Continuous Function

There are several commonly used methods of defining the slippery, but extremely important, concept of a continuous function (which, depending on context, may also be called a continuous map). The space of continuous functions is denoted C^0, and corresponds to the k=0 case of a C-k function.

A continuous function can be formally defined as a function f:X->Y where the pre-image of every open set in Y is open in X. More concretely, a function f(x) in a single variable x is said to be continuous at point x_0 if

1. f(x_0) is defined, so that x_0 is in the domain of f.

2. lim_(x->x_0)f(x) exists for x in the domain of f.

3. lim_(x->x_0)f(x)=f(x_0),

where lim denotes a limit.

Many mathematicians prefer to define the continuity of a function via a so-called epsilon-delta definition of a limit. In this formalism, a limit c of function f(x) as x approaches a point x_0,


is defined when, given any epsilon>0, a delta>0 can be found such that for every x in some domain D and within the neighborhood of x_0 of radius delta (except possibly x_0 itself),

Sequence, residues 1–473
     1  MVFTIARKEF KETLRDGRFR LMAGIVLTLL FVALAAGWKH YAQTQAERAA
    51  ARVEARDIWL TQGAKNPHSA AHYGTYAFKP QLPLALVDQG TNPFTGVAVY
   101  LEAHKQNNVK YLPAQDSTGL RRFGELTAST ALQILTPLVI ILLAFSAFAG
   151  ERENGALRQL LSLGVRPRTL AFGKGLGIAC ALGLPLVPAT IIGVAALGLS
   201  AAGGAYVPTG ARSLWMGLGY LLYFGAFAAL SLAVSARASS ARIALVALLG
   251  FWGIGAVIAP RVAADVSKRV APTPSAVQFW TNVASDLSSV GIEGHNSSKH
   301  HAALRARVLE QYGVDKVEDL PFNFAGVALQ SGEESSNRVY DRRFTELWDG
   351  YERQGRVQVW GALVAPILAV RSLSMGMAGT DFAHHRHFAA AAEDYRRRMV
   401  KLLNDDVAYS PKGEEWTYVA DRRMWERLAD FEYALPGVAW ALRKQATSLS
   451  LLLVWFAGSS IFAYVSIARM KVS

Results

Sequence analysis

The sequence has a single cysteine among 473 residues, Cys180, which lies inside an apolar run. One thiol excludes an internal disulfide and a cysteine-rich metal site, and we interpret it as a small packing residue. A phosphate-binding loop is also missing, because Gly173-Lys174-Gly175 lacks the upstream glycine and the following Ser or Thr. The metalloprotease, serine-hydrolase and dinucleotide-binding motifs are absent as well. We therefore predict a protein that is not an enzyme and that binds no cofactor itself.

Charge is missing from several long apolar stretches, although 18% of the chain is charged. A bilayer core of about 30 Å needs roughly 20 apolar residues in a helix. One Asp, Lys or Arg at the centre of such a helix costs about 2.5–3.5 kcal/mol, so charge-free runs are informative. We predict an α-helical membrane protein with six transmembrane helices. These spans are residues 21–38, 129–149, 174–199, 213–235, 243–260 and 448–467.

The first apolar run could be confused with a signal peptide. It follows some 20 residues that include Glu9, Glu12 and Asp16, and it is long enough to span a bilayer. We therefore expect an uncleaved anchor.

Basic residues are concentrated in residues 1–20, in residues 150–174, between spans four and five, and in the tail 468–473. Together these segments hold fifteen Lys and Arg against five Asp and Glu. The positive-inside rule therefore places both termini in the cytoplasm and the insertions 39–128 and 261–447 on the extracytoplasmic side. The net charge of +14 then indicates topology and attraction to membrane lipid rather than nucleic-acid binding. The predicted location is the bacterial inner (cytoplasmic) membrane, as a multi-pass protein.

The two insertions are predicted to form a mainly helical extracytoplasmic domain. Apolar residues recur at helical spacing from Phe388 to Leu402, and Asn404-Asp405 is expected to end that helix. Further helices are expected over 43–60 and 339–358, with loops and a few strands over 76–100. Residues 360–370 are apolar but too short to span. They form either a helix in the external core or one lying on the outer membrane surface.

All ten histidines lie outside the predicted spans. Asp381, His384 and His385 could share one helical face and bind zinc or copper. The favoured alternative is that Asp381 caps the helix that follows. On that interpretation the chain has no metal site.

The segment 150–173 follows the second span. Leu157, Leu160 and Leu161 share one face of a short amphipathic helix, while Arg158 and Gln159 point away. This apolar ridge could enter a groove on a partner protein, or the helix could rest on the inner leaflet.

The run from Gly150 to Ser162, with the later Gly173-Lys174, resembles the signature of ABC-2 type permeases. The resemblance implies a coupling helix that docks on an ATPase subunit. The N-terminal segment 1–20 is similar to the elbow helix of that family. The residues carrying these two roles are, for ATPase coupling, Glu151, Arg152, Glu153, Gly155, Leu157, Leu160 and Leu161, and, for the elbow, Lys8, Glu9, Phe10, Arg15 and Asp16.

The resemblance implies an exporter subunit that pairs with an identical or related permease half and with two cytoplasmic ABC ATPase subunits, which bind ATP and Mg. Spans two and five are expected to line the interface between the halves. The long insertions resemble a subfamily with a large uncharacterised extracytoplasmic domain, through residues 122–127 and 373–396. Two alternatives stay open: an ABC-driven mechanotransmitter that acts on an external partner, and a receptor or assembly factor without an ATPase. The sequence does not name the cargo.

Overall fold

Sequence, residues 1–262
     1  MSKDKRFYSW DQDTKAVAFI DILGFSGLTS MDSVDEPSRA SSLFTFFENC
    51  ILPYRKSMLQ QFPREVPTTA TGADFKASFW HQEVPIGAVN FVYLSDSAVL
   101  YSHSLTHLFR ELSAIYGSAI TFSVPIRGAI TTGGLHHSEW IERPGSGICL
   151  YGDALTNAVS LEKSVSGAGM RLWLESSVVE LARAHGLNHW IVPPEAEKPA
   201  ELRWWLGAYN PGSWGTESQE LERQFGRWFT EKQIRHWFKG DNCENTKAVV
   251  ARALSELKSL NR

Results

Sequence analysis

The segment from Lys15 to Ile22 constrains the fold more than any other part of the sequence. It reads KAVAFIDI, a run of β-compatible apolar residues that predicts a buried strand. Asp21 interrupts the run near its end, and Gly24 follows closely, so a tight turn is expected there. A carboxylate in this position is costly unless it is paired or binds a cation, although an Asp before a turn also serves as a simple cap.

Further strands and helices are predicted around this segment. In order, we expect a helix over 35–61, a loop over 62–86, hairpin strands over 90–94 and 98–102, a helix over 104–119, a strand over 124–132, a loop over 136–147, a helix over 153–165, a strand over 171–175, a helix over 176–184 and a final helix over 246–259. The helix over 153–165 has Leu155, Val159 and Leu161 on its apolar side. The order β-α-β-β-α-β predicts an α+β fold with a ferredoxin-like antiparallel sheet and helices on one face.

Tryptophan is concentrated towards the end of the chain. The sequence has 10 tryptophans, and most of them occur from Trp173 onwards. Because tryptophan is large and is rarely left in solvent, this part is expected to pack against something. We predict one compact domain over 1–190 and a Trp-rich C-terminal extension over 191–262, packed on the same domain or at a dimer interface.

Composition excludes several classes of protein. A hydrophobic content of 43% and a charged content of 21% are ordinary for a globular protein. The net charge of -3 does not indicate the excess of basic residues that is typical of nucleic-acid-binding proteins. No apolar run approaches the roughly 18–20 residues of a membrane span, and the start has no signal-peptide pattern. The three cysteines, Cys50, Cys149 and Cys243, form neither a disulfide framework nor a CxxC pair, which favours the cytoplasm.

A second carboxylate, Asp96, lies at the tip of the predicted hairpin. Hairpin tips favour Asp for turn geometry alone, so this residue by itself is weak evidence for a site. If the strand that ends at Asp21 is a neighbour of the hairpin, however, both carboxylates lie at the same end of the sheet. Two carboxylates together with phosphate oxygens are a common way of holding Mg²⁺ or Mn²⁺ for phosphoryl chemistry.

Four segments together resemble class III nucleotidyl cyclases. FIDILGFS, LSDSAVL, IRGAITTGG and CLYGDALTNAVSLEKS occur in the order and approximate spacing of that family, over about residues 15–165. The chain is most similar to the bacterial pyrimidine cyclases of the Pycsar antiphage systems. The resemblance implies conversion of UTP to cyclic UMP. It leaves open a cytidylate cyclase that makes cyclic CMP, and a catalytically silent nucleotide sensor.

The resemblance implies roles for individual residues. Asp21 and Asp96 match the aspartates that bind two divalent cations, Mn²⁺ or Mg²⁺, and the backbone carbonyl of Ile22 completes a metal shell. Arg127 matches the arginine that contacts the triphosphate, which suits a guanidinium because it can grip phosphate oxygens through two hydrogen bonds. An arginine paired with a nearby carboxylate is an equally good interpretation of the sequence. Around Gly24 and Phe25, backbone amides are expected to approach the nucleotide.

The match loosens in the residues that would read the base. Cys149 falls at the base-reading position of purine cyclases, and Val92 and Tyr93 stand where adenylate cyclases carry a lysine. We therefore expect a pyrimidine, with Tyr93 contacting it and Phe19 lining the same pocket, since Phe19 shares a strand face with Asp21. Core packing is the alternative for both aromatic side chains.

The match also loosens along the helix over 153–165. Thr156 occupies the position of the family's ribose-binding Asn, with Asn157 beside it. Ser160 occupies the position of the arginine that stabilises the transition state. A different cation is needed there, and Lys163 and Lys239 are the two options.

Then if x_0 is in D and


f(x) is said to be continuous at x_0.

If f is differentiable at point x_0, then it is also continuous at x_0. If two functions f and g are continuous at x_0, then

1. f+g is continuous at x_0.

2. f-g is continuous at x_0.

3. fg is continuous at x_0.

4. f/g is continuous at x_0 if g(x_0)!=0.

5. Providing that f is continuous at g(x_0), f degreesg is continuous at x_0, where f degreesg denotes f(g(x)), the composition of the functions f and g.


The notion of continuity for a function in two variables is slightly trickier, as illustrated above by the plot of the function


This function is discontinuous at the origin, but has limit 0 along the line x=y, limit 1 along the x-axis, and limit -1 along the y-axis (Kaplan 1992, p. 83).

See also

C-k Function, Continuous Map, Continuously Differentiable Function, Critical Point, Differentiable, Limit, Neighborhood, Piecewise Continuous, Stationary Point Explore this topic in the MathWorld classroom

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Bartle, R. G. and Sherbert, D. Introduction to Real Analysis. New York: Wiley, p. 141, 1991.Kaplan, W. "Limits and Continuity." §2.4 in Advanced Calculus, 4th ed. Reading, MA: Addison-Wesley, pp. 82-86, 1992.

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Continuous Function

Cite this as:

Weisstein, Eric W. "Continuous Function." From MathWorld--A Wolfram Web Resource.

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